Abstract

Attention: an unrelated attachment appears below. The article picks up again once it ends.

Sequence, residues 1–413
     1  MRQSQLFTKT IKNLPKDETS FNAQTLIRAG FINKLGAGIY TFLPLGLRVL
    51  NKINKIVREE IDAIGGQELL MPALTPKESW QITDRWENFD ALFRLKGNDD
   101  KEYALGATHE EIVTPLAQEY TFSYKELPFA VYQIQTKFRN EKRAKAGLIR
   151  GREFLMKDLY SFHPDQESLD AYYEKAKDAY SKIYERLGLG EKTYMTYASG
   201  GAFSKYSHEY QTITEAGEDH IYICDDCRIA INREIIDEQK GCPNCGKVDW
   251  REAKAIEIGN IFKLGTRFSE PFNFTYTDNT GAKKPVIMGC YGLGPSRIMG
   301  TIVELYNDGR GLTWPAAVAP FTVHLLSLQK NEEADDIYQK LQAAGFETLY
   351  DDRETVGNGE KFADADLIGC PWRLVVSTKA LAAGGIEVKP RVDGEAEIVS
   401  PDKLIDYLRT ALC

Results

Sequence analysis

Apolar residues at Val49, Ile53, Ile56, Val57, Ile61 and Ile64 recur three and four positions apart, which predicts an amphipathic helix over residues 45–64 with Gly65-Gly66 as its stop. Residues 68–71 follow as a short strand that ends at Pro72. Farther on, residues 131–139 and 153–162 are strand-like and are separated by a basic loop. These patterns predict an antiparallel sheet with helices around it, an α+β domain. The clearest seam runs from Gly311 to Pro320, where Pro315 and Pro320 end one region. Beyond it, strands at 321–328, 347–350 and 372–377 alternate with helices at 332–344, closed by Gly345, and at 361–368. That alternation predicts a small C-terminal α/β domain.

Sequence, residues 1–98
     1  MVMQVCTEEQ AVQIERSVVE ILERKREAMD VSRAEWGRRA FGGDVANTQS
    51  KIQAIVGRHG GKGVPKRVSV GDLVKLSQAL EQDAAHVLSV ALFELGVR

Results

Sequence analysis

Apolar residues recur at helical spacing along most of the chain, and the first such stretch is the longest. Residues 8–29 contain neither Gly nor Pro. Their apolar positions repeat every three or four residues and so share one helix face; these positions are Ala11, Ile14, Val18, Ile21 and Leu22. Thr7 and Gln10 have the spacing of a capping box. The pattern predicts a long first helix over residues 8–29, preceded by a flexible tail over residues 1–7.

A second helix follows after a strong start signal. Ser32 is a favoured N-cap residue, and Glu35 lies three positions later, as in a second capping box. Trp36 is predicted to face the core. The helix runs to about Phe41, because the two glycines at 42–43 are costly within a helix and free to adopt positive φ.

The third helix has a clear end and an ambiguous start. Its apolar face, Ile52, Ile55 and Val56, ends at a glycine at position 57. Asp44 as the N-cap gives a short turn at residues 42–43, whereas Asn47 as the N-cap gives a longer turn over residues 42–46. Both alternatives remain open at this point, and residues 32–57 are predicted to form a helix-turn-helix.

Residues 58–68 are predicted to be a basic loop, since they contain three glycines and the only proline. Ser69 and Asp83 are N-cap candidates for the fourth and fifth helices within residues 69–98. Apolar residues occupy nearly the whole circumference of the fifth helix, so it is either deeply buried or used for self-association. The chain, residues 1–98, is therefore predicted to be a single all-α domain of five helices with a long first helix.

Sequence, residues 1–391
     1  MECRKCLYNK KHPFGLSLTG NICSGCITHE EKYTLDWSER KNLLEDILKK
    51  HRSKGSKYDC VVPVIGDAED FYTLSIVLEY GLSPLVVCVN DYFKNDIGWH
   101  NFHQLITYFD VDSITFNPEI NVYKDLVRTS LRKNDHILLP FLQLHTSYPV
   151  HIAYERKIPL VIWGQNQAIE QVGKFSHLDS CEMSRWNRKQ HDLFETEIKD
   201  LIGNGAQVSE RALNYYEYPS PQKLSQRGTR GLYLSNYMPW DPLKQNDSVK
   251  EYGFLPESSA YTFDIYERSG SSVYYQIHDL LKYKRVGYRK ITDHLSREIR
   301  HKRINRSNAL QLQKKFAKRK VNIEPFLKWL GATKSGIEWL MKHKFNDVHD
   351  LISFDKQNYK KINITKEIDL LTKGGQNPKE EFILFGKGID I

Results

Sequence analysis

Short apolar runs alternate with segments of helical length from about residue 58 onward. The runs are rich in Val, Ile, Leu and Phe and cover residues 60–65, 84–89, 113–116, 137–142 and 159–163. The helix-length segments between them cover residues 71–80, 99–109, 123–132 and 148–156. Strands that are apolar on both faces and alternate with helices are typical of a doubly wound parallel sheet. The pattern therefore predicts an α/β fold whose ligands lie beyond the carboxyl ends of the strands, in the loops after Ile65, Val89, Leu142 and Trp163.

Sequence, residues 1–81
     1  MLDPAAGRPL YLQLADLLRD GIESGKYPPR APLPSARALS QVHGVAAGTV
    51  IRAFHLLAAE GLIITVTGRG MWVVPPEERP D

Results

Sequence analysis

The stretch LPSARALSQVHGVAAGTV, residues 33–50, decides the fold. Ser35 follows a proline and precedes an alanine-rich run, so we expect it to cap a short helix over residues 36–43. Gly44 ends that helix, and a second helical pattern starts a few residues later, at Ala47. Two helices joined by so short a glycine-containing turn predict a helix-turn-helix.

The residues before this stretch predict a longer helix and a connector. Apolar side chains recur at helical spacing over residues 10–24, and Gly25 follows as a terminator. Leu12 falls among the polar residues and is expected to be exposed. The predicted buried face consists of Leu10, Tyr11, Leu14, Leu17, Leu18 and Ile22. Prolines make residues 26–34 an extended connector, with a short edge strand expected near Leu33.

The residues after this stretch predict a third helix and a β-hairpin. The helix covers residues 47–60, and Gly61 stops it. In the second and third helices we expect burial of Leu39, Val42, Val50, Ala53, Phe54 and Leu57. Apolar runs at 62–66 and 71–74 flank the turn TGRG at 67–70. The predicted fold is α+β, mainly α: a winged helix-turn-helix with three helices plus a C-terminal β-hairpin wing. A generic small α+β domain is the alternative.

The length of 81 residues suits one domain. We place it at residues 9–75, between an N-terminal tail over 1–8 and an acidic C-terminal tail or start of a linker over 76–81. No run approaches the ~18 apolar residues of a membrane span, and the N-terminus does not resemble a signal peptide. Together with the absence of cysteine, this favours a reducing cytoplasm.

In a companion study to earlier work in the Indo-Pacific, taphonomic alteration in reef-coral death assemblages was assessed in four distinct reef habitats ranging from 2–30 m water depth in the Florida Keys reef tract. Physical and biological taphonomic attributes measured from coral specimens showed great variability with respect to reef environment. Physico-chemical degradation (abrasion and dissolution) was greatest in reef-crest and patch-reef environments. With the exception of encrusting foraminifera, coverage by epi- and endobionts was higher in deep-reef environments (20 m and 30 m). Variability in dissolution and abrasion is likely the result of the different energy regimes present in the reef habitats examined. Variability in biological attributes results from a combination of increased residence time of coral skeletons on substrates in deep-reef environments, higher overall coral skeletal densities of corals inhabiting deep reef environments, and increased nutrient availability in the deep reefs sampled. Clear gradients in the degree of taphonomic alteration of reef corals with reef habitat indicate the utility of corals as taphofacies indicators in ancient reef settings. In contrast to shallow-water reefs on the Great Barrier Reef, taphonomic alteration of corals in the Florida Keys was equitable across growth forms.

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